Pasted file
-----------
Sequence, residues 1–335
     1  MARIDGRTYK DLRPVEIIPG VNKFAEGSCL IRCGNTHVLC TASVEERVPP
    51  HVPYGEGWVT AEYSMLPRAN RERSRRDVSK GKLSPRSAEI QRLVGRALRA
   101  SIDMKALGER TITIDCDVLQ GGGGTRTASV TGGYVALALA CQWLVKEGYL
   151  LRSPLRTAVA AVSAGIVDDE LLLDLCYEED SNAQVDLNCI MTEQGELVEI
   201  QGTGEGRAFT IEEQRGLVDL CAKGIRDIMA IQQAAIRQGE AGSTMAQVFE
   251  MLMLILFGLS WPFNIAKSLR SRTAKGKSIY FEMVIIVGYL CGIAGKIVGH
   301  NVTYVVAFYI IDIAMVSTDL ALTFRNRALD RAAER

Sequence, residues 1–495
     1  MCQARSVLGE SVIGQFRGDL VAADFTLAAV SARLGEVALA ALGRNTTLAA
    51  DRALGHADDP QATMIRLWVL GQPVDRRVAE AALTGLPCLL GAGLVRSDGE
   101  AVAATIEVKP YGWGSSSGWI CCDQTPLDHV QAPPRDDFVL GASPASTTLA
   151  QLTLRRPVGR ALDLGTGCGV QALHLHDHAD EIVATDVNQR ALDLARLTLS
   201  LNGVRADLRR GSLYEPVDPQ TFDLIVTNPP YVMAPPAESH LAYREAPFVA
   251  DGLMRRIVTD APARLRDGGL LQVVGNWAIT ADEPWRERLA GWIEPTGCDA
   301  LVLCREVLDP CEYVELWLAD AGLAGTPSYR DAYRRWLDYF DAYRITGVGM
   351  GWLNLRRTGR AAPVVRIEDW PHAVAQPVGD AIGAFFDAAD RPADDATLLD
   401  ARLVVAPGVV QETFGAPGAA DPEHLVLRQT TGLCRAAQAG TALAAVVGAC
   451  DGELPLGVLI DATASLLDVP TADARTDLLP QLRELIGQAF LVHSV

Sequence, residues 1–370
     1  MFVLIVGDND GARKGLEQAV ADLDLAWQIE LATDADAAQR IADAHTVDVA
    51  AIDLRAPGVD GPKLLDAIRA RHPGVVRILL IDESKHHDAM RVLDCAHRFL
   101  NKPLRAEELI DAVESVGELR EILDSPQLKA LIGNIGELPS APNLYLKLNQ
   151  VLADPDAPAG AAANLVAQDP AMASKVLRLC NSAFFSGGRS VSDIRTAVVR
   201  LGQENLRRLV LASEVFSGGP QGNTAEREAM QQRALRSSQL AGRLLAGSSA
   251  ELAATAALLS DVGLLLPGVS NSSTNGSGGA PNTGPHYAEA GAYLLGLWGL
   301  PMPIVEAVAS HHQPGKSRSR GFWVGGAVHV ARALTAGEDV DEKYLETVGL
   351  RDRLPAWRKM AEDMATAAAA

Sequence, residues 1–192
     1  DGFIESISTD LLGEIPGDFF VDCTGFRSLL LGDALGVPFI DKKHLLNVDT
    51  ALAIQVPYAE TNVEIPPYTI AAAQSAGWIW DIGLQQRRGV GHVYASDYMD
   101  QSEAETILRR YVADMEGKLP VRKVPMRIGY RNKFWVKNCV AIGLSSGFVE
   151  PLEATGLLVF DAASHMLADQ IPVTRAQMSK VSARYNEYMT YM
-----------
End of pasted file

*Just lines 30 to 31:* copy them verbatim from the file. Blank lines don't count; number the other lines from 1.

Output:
     1  DGFIESISTD LLGEIPGDFF VDCTGFRSLL LGDALGVPFI DKKHLLNVDT
    51  ALAIQVPYAE TNVEIPPYTI AAAQSAGWIW DIGLQQRRGV GHVYASDYMD